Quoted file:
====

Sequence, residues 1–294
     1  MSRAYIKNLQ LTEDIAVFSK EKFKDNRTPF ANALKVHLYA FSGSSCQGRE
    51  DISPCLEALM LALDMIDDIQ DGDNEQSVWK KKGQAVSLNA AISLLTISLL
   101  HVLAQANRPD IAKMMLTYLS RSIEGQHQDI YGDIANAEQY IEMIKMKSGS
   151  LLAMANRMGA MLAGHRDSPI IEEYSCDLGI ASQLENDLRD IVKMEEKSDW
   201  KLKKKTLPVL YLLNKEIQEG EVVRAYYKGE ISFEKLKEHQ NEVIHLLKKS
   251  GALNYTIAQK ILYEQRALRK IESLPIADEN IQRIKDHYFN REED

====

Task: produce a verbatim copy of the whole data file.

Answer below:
Sequence, residues 1–294
     1  MSRAYIKNLQ LTEDIAVFSK EKFKDNRTPF ANALKVHLYA FSGSSCQGRE
    51  DISPCLEALM LALDMIDDIQ DGDNEQSVWK KKGQAVSLNA AISLLTISLL
   101  HVLAQANRPD IAKMMLTYLS RSIEGQHQDI YGDIANAEQY IEMIKMKSGS
   151  LLAMANRMGA MLAGHRDSPI IEEYSCDLGI ASQLENDLRD IVKMEEKSDW
   201  KLKKKTLPVL YLLNKEIQEG EVVRAYYKGE ISFEKLKEHQ NEVIHLLKKS
   251  GALNYTIAQK ILYEQRALRK IESLPIADEN IQRIKDHYFN REED